If you are thinking that the Napoleon cat breed may have something to do with Napoleon Bonaparte (shrewd emperor) you’re right.
The Napoleon (cat breed) takes its name from Napoleon (human) because of its petite stature – the man and feline both were/are short.
Let’s explore the Napoleon cat breed to discover its history, overall appearance, personality, health concerns, and so much more – if you want to learn more about Napoleon (its namesake), you’ll have to Google him.
History of the Napoleon Cat Breed
Taking its place among the many “dwarf” cat breeds, the Napoleon (or Minuet Cat, as it’s sometimes referred to) is a relatively new breed.
Joe Smith took an interest in the unique genetics of the Munchkin cat – this could be due to the fact that he was a breeder of Basset Hounds.
In 2001, Smith got in touch with TICA to add his new breed to the collection of Experimental Breeds.
He then left the project in 2008 to allow other breeders the work of registering this petite feline
And so they did.
Margie Gardner and Sam Tate picked up the feline ball and helped to move this breed forward.
Teri Harris then presented the Minuet to TICA in 2011, finally getting it to the point of being recognized as Preliminary New Breed.
Fast Facts About the Napoleon
- Size: 5 to 9 pounds
- Lifespan: 9 to 15 years
- Traits: Easy going, active, and loving
The Appearance of the Napoleon Cat Breed
Having been compared to a Dachshund, the Napoleon cat is low-slung, yet still maintains a strong and solid bone structure with good muscularity.
- The legs will be short in the standard version, but longer in the non-standard version.
- The head is round with large round eyes (like the Persian) as well as the cheeks, muzzle, and face.
- The Napoleon’s ears are small to medium in size. Unlike its Persian heritage, the nose of this cat is broad and straight.
- The coat of this breed comes in a wide range of colors and patterns and is luxurious and plush to the touch. It can either be long or short.
- The longer coat does have a thick undercoat and straight, soft hairs, whereas, the shorter coat is dense and soft.
The Personality of the Napoleon Cat Breed
If you’re looking for a sweet feline with a loving temperament, you will be very happy with the Napoleon. This breed has a warm personality, is social, and very docile.
The Napoleon is also an active pet that enjoys spending time in the company of its human.
This is important to know, as a Napoleon that is left alone will be very unhappy.
They not only enjoy spending time with people, but other pets and other cats will fit the social “bill” as well.
This feline has been loving described as affectionate, people-orientated kitties that are also curious and energetic.
Health Issues of the Napoleon Cat Breed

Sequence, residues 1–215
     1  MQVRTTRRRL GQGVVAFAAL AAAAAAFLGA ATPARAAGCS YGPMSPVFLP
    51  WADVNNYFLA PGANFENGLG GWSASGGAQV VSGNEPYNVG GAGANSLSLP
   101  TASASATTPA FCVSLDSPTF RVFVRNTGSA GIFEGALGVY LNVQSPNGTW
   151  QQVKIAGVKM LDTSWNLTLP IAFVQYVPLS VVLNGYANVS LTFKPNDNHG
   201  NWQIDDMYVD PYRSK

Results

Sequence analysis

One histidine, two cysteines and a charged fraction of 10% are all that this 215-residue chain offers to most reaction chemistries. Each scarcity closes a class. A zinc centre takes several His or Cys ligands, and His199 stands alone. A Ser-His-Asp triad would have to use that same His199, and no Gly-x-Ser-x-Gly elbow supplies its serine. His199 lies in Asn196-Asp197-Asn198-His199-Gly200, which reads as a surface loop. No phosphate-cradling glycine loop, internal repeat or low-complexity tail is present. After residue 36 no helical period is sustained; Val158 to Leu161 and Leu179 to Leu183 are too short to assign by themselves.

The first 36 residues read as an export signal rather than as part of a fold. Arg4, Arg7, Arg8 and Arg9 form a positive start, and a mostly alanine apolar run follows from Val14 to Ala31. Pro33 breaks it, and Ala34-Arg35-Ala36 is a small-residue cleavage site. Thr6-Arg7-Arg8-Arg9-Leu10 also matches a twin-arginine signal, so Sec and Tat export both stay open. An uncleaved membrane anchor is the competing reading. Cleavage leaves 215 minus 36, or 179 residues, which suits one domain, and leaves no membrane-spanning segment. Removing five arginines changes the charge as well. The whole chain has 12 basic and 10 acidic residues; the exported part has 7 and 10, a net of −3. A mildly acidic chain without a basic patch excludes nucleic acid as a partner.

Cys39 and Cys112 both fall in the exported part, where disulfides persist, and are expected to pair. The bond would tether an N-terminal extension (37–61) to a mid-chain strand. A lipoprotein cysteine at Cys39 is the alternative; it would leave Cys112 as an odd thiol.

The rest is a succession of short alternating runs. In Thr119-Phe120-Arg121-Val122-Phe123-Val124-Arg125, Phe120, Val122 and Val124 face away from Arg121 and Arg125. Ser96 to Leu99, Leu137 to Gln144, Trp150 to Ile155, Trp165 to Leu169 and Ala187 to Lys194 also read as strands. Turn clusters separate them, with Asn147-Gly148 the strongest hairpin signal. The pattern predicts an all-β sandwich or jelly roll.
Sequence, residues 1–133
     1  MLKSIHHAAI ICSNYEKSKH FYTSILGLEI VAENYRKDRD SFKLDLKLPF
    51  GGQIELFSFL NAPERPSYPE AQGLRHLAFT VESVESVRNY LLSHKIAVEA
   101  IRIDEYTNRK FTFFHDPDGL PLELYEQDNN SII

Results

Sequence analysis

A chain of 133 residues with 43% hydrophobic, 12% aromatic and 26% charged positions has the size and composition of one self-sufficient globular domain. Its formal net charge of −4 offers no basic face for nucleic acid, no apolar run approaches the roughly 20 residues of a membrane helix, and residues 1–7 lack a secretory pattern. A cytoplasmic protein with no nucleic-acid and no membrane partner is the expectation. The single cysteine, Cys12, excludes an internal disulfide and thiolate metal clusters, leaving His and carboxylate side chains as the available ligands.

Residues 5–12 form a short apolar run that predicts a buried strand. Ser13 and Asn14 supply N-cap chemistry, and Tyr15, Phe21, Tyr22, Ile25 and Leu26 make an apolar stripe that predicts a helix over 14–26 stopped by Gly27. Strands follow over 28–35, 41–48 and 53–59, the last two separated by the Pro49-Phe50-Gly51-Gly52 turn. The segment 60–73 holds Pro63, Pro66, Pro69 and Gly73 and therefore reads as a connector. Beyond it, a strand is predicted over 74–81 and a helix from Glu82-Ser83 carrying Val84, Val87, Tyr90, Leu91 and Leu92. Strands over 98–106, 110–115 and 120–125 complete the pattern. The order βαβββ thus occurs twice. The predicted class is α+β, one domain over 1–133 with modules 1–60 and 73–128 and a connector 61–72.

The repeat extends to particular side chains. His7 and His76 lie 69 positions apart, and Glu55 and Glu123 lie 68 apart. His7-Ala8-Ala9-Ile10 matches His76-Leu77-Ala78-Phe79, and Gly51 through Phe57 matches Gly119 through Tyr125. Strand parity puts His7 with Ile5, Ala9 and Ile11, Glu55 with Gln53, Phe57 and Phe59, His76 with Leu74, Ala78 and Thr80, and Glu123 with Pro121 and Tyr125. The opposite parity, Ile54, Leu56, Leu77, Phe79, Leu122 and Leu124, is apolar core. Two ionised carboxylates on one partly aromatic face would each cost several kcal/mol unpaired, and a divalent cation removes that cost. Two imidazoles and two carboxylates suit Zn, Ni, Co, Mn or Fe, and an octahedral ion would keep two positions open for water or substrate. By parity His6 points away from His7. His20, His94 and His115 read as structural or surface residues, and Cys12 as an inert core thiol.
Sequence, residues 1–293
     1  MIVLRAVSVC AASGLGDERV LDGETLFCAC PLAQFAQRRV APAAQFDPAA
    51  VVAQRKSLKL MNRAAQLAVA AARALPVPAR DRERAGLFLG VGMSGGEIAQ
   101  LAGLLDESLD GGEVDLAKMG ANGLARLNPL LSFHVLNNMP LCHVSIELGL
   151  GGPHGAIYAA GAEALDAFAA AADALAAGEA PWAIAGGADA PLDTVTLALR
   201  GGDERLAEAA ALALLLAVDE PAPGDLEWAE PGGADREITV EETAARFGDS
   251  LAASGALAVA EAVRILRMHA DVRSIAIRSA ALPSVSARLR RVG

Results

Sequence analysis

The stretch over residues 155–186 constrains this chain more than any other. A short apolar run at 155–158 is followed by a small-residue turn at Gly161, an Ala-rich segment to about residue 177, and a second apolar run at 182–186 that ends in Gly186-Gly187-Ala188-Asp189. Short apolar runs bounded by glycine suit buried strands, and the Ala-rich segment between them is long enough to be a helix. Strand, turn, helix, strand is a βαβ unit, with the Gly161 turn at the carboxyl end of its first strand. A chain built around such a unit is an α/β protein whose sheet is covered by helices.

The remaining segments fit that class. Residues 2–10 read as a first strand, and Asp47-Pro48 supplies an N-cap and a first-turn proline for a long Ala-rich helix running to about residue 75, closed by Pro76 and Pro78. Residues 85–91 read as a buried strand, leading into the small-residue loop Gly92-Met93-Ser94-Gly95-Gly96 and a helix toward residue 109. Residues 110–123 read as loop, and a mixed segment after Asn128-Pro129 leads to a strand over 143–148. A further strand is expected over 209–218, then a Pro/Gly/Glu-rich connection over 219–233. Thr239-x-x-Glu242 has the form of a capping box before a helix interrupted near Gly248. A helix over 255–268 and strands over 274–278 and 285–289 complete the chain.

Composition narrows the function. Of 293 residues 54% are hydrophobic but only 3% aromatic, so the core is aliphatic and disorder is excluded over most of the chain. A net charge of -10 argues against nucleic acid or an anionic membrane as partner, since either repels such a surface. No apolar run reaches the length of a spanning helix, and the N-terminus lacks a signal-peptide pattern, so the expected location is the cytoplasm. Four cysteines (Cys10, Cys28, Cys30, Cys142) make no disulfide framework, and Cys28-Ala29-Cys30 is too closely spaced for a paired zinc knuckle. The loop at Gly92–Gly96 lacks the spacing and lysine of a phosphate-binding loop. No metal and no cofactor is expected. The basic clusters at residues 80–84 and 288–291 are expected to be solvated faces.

Although the Napoleon is a healthy breed, there may be some genetic issues it is more prone to because of its lineage.
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Persians are prone to;
- Peritoneopericardial defect – a hernia in the abdominal region.
- Photophobia – an abnormal sensitivity to light.
- Cataracts – a disease affecting the lens and vision of the eye
- Lysosomal accumulation neuropathy – an enzyme deficiency
- PKD (polycystic kidney disease) – a continuous enlarging of the kidneys
Munchkins are prone to;
- Lordosis – an inward curvature of the spine
- Pectus excavatum – a deformity of the chest causing a sunken or funnel chest
Before you adopt a Napoleon cat, be sure to ask the breeder if his/her cats have ever had any of these genetic issues.
How to Care for a Napoleon Cat
A high-quality diet is vital to the overall health and well-being of your Napoleon cat.
- For optimal weight, feed your Napoleon cat a balanced diet that consists of a pure protein (as the first ingredient), supplemented with added fruits, veggies, and a minimum of fillers (corn, wheat, by-products, etc.).
- If your Napoleon has a long coat, you will need to groom her daily to maintain her skin and fur health. Short haired Napoleon’s will need to be groomed once a week.
- Regardless of breed, you should brush your cat’s teeth – many health issues can stem from the bacteria that builds up from the lack of good oral hygiene. Try to do this daily, but if that task is not possible, once a week is better than nothing at all.
- You will also want to trim your kitty’s toenails and provide her with plenty of toys and scratch posts.
Lastly, be sure to have your Napoleon spayed or neutered and keep your cat indoors.
The world can be a rough place, so exposing your innocent feline friend to disease, internal and external parasites, vehicles, and attacks from other animals and unscrupulous people is not recommended.
As the Napoleon breed gains in popularity, kittens may be more readily available for purchase. However, they may be pricey.
Always research the breeder before you adopt a kitten from the cattery.
Places that will not allow you to see the facilities or the parents of the kittens are most likely not a wise choice.
A good breeder is open to questions, providing you with honest answers and encouraging you to seek all the information you need to make an informed decision.